The Special Investigating Unit's (SIU's) work has resulted in the recovery of R127-million of funds, which had been paid irregularly by the State to service providers of personal protective equipment (PPE) and related services.
This was revealed on February 5 as SIU head Advocate Andy Mothibi provided details of his findings in the investigation into allegations related to State institutions’ procurement of Covid-19 PPE.
In the wake of the Covid-19 pandemic, the procurement process for PPE had been abused for undue financial gains.
President Cyril Ramaphosa in July last year signed a proclamation that allowed the SIU to probe the unlawful conduct in Covid-19-related funds.
Emergency procurement measures were implemented by the National Treasury and then by all levels of government and provinces after the lockdown came into effect in March last year.
The SIU processes litigation matters through the Special Tribunal, or recommends disciplinary action against individuals from State departments, or other referrals to regulatory authorities such as the National Prosecuting Authority (NPA).
Officially, 180 corruption allegations were reported to SIU as at November 25, 2020, of which 51 related to national government, 34 to the Gauteng provincial government, 24 to the KwaZulu-Natal provincial government and the balance across the remaining provinces.
About R30.7-billion was spent by State institutions on PPE-related goods and services between April and November 2020. Of that amount, R13.3-billion was subject to SIU investigation.
Over the period under investigation, 2 556 PPE contracts were awarded by State institutions, amounting to the R13.3-billion under investigation.
These contracts were awarded to 1 774 service providers, of which 164 contracts, or 26% of the contracts, warranted further investigation.
Mothibi said the SIU's investigations revealed that persons of authority within some State institutions believed that all procurement since the National State of Disaster declaration were to be done on an emergency basis, which was not the case, leading to many processes and contracts not adhering to certain minimum prescripts to remain cost competitive, transparent and fair.
He added that many service providers who were awarded contracts only registered their businesses in February and March last year and, therefore, did not have demonstrated records, as required for procurement contracts.
Some were also in the deregistration process when they were awarded projects.
In other instances, contracts were awarded for products that companies did not supply, while product specifications were ignored in other instances.
Mothibi said it was a widespread problem that departments did not attempt to negotiate with service providers to bring prices down, resulting in many overpayments.
He also found that departments lacked basic control measures to ensure correct product delivery – since the SIU had found many instances of underdelivery of items.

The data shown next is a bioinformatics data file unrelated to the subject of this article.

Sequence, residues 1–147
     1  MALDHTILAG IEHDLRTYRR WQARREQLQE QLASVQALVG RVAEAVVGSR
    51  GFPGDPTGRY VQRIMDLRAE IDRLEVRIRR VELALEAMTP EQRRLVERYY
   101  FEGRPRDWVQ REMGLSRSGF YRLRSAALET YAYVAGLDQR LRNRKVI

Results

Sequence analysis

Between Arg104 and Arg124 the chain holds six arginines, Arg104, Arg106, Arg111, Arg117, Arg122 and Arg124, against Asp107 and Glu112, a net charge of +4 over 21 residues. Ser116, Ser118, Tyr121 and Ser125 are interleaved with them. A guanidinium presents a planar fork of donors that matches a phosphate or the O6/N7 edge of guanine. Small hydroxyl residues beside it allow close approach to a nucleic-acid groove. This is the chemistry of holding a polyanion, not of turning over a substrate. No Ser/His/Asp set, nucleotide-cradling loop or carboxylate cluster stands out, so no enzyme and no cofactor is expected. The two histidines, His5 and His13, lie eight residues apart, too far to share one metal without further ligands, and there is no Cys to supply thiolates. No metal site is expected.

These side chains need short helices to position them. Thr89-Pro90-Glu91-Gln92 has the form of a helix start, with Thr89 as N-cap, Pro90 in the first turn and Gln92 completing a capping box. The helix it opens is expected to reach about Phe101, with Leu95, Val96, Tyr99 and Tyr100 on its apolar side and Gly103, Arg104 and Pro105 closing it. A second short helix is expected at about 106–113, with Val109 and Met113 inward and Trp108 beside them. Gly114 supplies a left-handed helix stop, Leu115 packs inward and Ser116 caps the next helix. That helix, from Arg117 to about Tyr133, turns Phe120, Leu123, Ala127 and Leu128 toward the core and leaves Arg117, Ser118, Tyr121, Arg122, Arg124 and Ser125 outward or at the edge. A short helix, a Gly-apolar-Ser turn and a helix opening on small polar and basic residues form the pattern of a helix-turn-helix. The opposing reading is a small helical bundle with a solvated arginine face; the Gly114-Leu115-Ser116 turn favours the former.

Moreover, the SIU’s investigation revealed that some service providers were paid for value-added tax claims, but were not registered with the South African Revenue Service as vendors.
“We also found that suppliers used ‘front’ companies to obtain more contracts. They were effectively used as proxies for other companies.
“There were also instances of splitting of bids to meet the delegation threshold, as well as misrepresentation from suppliers – them not disclosing their close relations to each other.
“PPE was also often manufactured under false or cloned labels, thereby creating the risk that the product would not function as intended,” Mothibi explained.
The SIU’s investigation led to 15 matters, involving contracts worth R365-million, being heard by the Special Tribunal to date.
Mothibi said the tribunal can declare contracts invalid and set them aside, as well as freeze the assets of those companies or individuals implicated to avoid further transactions.
To avoid State officials resigning once they are implicated in a matter, the tribunal can also have their pensions frozen, pending the outcome of an investigation.
In addition to the funds recovered, the SIU has also determined that 25 government officials should undergo disciplinary hearings, while two will face administrative action.
The unit has also referred 38 matters to the NPA for criminal investigation, with allegations relating to fraud and corruption.
Some notable cases of questionable tender contracts that the SIU uncovered include the R139-million worth of PPE that was due to the Gauteng Department of Health by a proxy company.
The SIU intervened in time to save the majority of these funds being paid, while the balance has been ordered to be paid back to the department.
Civil proceedings within the Special Tribunal related to this matter and implicated individuals remain ongoing.
Another notable case relates to the Eastern Cape government’s procurement of “medical motorbikes” valued at R10-million, with the product ending up being not fit for purpose. The matter will be heard by the tribunal on April 28.
Mothibi expects the overall investigation to be wrapped up within the next six months.